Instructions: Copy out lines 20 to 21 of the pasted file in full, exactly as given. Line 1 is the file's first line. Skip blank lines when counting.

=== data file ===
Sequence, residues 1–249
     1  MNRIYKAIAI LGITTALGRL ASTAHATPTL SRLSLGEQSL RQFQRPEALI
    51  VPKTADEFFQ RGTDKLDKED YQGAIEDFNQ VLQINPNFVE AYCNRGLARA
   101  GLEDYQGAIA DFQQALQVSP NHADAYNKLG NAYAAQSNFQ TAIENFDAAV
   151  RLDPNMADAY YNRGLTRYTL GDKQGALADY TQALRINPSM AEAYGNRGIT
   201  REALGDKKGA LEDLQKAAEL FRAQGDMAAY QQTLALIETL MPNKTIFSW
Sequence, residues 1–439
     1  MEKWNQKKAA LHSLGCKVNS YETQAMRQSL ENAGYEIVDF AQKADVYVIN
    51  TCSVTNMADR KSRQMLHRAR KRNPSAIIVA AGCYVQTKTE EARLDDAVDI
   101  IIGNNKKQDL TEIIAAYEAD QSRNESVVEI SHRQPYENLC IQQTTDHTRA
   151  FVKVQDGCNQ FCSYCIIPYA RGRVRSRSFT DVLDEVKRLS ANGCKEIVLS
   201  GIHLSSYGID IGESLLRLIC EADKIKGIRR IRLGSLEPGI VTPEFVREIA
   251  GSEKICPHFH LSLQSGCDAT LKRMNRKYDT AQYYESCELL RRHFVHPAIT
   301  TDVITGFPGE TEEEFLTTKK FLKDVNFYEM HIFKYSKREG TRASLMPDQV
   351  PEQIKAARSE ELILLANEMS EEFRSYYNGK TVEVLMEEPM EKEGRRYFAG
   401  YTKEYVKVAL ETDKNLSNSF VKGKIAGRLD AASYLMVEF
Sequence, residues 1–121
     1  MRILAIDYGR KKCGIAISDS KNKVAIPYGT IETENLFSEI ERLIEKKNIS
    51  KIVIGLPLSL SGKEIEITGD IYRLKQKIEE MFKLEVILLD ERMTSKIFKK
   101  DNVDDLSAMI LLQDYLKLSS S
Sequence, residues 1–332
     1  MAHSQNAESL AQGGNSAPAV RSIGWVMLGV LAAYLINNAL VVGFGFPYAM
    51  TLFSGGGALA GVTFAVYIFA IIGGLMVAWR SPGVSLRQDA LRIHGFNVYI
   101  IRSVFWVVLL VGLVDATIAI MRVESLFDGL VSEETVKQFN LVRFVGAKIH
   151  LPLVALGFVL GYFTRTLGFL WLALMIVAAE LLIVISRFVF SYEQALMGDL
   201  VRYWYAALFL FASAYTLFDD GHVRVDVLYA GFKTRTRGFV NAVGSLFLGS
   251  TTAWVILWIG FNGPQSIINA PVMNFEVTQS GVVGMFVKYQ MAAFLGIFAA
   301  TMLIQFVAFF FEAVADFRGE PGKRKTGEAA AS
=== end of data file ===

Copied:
   101  DNVDDLSAMI LLQDYLKLSS S
Sequence, residues 1–332